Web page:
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Proposed State-Level Wetlands Regulations in California: Protections and Complications

The state is seeking to protect wetlands from federal regulation rollbacks, but broader protections could also mean more costly and cumbersome processes.
September 13, 2018, 10am PDT | Camille Fink
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Natural Resources Conservation Service's Wetlands Reserve Program
Gary Kramer, USDA Natural Resources Conservation Service

California is looking to put into place a new wetlands regulatory program to counter Trump administration plans to reverse federal protections. Matt Weiser takes a closer look at what this proposal would mean for state water officials and developers.

Weiser reports that the state program would use a much broader definition of what constitutes a wetland. Current federal regulations consider hydrology, soils, and vegetation. Under the state program, wetlands would be identified by hydrology or soils and they could have vegetation or not. As a result, artificial or constructed wetlands would qualify for state protection.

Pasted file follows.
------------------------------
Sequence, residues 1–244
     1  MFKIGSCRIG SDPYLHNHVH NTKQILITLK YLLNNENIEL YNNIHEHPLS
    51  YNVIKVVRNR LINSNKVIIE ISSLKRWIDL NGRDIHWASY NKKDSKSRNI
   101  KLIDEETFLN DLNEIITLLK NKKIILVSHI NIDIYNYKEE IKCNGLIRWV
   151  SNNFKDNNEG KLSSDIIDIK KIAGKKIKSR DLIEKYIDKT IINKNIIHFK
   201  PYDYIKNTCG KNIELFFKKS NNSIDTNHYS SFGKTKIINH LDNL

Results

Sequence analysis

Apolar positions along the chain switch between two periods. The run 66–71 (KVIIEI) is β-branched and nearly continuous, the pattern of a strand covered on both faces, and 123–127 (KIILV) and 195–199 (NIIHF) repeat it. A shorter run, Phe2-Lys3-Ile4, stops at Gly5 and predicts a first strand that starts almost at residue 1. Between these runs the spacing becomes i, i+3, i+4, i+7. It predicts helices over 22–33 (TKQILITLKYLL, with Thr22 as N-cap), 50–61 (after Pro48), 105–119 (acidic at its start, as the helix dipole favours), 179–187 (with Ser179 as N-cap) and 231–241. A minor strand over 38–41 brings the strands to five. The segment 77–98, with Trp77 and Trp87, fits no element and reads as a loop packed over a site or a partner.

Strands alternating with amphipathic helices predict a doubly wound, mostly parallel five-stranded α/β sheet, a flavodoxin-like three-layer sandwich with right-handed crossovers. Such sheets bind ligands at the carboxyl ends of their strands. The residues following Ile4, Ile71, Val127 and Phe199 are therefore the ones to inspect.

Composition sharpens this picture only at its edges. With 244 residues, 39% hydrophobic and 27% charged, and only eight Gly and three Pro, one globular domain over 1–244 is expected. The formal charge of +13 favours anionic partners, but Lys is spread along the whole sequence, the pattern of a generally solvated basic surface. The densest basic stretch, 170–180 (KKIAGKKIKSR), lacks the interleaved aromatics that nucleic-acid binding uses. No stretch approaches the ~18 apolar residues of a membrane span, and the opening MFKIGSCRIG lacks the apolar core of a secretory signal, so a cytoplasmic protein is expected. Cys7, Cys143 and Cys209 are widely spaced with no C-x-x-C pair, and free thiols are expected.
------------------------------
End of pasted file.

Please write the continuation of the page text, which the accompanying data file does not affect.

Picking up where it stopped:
The state program could also include regulation of spreading basins throughout the state, writes Weiser. Water officials have expressed concern that requiring permits would turn a process essential to recharging groundwater into a costly one. In addition, regulation of farmers, who work with both soil and water, could become a complex process requiring state and federal permits and would be a burden on water agencies.

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Published on Friday, September 7, 2018 in Water Deeply
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